The Labour Party is undecided on whether it will support changes from a review into the government's security agencies.
The Intelligence and Security Select Committee meets today to consider the findings of the intelligence and security review.
The review looked at the adequacy of the law governing the Security Intelligence Service, and how the Government Communications Security Bureau (GCSB) legislation was working.
Prime Minister John Key said he wanted the report to be released in full as soon as possible and was hoping for Labour's support on any changes.
Mr Key said last week it was "highly likely" there would be a change to the laws.
But Labour leader Andrew Little told RNZ News it was too early to say whether he'd support any new legislation.
He said the report raised questions on whether it was justified to expand the powers of security agencies and he would need to be convinced it was needed or in the public interest.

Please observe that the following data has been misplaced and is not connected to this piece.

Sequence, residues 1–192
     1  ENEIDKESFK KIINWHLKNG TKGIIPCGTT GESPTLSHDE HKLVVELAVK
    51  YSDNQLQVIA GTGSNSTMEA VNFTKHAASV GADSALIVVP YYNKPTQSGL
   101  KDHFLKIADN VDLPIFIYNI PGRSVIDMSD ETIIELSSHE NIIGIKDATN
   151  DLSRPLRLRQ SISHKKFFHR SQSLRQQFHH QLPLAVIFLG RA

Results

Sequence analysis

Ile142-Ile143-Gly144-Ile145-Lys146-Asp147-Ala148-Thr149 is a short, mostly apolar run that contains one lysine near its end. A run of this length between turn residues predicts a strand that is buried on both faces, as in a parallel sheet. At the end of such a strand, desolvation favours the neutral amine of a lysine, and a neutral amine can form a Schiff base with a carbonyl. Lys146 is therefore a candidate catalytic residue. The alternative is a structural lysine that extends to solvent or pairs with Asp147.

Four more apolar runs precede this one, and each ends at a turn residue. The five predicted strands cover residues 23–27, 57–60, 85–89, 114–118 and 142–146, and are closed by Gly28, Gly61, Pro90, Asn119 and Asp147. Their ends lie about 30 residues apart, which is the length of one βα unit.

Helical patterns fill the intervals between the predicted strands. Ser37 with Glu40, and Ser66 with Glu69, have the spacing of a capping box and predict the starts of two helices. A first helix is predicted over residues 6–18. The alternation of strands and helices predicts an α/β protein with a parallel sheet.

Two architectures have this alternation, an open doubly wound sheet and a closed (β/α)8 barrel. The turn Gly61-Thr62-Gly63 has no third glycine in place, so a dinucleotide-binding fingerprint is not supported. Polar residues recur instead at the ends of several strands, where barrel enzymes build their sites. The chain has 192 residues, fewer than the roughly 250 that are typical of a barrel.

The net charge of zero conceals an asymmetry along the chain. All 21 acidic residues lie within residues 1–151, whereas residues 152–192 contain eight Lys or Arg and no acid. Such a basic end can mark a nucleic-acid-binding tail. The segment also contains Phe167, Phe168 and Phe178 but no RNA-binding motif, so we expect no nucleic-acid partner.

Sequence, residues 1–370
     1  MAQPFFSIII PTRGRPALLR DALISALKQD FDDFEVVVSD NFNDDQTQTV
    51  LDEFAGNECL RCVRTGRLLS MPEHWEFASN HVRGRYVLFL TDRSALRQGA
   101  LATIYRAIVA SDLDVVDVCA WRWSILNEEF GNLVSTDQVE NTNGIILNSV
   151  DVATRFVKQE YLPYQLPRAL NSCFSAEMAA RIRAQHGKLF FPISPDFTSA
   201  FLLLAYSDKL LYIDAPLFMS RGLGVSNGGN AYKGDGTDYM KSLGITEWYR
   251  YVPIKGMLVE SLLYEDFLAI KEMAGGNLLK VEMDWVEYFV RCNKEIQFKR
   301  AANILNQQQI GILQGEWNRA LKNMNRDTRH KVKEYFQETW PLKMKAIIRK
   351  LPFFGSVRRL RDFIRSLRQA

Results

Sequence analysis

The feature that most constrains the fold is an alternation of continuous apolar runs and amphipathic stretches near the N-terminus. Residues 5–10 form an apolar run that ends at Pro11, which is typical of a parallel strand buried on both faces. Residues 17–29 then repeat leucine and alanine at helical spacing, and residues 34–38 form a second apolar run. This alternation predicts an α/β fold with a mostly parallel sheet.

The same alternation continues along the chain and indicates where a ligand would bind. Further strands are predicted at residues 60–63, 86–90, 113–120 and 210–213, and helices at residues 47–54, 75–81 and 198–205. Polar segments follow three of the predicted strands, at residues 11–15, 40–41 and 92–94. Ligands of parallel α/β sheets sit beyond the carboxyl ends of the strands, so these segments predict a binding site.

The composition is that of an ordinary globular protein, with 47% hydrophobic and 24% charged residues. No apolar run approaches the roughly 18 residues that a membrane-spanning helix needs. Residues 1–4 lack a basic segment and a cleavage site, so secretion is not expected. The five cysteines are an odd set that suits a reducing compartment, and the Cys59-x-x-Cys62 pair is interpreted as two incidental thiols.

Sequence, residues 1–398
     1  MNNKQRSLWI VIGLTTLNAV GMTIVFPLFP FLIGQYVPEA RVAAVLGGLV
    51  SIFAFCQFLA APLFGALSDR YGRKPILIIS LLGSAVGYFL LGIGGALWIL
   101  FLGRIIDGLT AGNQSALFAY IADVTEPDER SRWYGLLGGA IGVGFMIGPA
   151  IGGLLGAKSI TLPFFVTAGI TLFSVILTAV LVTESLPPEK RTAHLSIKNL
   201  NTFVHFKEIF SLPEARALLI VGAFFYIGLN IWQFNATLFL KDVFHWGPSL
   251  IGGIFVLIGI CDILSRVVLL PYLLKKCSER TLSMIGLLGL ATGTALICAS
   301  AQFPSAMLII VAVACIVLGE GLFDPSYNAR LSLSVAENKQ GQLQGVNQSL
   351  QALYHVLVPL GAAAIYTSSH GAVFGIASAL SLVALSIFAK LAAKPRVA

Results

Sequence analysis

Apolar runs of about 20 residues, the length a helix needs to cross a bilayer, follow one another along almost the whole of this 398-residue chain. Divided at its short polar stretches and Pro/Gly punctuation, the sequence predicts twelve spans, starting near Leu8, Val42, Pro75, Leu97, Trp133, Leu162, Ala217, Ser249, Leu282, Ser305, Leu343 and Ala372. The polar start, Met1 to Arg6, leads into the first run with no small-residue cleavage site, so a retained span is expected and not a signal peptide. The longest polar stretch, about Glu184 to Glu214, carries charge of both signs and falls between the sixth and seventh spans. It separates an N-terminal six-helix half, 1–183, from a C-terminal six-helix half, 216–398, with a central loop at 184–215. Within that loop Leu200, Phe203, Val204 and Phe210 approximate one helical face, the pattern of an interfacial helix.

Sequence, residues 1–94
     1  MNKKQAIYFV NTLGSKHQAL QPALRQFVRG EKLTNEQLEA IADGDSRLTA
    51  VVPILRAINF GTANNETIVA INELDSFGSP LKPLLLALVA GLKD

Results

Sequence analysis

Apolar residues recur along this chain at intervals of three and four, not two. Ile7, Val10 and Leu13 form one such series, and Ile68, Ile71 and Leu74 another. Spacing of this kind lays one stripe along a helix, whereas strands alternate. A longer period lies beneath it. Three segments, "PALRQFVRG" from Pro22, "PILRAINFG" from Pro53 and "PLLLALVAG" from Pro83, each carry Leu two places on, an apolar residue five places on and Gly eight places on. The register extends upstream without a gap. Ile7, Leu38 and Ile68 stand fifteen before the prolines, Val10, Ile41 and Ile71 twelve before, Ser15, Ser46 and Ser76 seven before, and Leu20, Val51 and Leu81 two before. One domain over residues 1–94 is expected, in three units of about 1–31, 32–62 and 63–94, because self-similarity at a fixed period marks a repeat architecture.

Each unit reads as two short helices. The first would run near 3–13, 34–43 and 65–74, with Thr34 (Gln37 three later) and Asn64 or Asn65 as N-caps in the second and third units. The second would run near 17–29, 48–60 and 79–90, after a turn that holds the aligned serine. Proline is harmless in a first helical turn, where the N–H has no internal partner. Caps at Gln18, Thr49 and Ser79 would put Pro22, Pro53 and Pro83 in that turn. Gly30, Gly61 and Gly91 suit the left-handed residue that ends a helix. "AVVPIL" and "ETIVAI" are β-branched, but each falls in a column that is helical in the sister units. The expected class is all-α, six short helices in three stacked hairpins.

"I think the whole thing about the balance we have to strike is between agencies that do the job of keeping us safe and secure and the nation secure, and undue intrusion on people's privacy and their civilian rights," he said.
The review was carried out by former Labour deputy prime minister Sir Michael Cullen and lawyer Dame Patricia Reddy.
The act governing the GCSB was overhauled last year, following controversy over mass surveillance and some of its operations.
At the time, SIS director Rebecca Kitteridge suggested the law for that agency should also be changed, because it focused almost solely on the process the SIS must follow to get warrants to intercept people's communications.